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BFCSA investigates fraud involving lenders, spruikers and financial planners worldwide.  Full Doc, Low Doc, No Doc loans, Lines of Credit and Buffer loans appear to be normal profit making financial products, however, these loans are set to implode within seven years.  For the past two decades, Ms Brailey, President of BFCSA (Inc), has been a tireless campaigner, championing the cause of older and low income people around the Globe who have fallen victim to banking and finance scams.  She has found that people of all ages are being targeted by Bankers offering faulty lending products. BFCSA warn that anyone who has signed up for one of these financial products, is in grave danger of losing their home.

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BFCSA: APRA Not concerned about Labor franking credit cuts

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APRA unconcerned about Labor franking credit cuts

The Australian 12:00am March 11, 2019

Michael Roddan

 

EXCLUSIVE  The prudential regulator has not conducted any modelling of the likely impact on the financial system of Labor’s proposed cuts to franking credits, leaving open the question of any impact on bank shares.

A freedom of information request by The Australian shows the Australian Prudential Regulation Authority, the body responsible for ensuring the stability of the financial system and the resilience of the banking sector, has no documents, impact statements, economic modelling or contingency plans relating to the implications of removing refundable franking credits for individual companies or the financial system as a whole. APRA said the “documents cannot be found or do not exist”.

Labor’s proposal, which would end the process introduced by the Howard government under which shareholders without a tax liability can receive a cash refund for excess franking credits, has been criticised by numerous financial companies, businesses, fund managers and superannuation bodies, which warn companies may be unable to source funding to run their operations.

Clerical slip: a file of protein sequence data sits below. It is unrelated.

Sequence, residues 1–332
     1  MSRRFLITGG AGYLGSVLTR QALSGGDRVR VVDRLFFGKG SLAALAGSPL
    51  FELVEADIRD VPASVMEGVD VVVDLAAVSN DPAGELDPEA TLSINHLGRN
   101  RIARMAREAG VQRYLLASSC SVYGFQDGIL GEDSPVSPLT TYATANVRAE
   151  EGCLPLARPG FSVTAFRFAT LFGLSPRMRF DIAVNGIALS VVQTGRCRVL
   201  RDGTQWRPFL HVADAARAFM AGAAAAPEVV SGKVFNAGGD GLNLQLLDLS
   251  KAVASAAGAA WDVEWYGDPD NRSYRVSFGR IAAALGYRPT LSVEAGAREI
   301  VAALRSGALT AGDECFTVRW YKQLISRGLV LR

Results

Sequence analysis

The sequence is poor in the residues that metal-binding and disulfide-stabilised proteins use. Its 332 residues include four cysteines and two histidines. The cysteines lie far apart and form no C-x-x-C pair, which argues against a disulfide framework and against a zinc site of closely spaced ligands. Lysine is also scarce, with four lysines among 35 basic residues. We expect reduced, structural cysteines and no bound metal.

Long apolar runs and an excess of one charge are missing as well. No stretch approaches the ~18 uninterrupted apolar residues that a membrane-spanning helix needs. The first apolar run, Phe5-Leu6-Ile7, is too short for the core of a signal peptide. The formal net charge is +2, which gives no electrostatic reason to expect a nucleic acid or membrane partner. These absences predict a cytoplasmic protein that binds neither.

Citigroup researchers found the share prices of nation’s major banks could fall by up to 13 per cent in the wake of the franking credit change, and a prominent critic of the proposal, Wilson Asset Management chairman Geoff Wilson, claimed the measure would have an “impact on the entire economy”, while actuarial firm Rice Warner believes as much as 25 per cent of bank shares held in self-managed super funds will be sold off.

If such an event happened it could hurt sentiment towards major financial companies and limit their ability to raise funds.

“It would not be appropriate for APRA to comment on government or opposition policy proposals,” an APRA spokesman said. “That is our standard position to all such media inquiries asking us to publicly express a view on a policy that either the government or opposition is pursuing.”

On Friday, Matt Comyn, the chief executive of the nation’s largest lender, Commonwealth Bank, said the company had not modelled the impact of Labor’s policy.

But he warned the franking credit cuts would have an isolated impact on the company.

“It’s very hard to determine what the impact might be on a share price or an individual investor’s preference for a particular share or asset class,” Mr Comyn told the House of Representatives economics committee.

Liberal MP Tim Wilson, the chairman of the committee investigating Labor’s proposal, asked whether the policy would affect the viability or stability of the banking sector, to which Mr Comyn said: “Not per se.”

“Things that impact on the viability and performance of the banking sector tend to be far more so around the broader policy debate and the performance the Australian economy,” Mr Comyn said.

Appearing at the same hearing, Westpac boss Brian Hartzer said Labor’s policy “potentially” affected the bank’s market capitalisation.

“It seems a reasonable proposition. It’s difficult for us to assess or quantify that, because we don’t know what the tax situation of all of our shareholders is, and there can be ups and downs in that,” Mr Hartzer said.

 

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